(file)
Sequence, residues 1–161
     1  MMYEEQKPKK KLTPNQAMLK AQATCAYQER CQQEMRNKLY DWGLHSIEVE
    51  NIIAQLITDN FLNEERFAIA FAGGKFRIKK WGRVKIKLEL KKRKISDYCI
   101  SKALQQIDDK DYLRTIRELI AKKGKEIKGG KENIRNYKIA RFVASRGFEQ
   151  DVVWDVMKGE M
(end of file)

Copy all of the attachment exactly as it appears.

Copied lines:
Sequence, residues 1–161
     1  MMYEEQKPKK KLTPNQAMLK AQATCAYQER CQQEMRNKLY DWGLHSIEVE
    51  NIIAQLITDN FLNEERFAIA FAGGKFRIKK WGRVKIKLEL KKRKISDYCI
   101  SKALQQIDDK DYLRTIRELI AKKGKEIKGG KENIRNYKIA RFVASRGFEQ
   151  DVVWDVMKGE M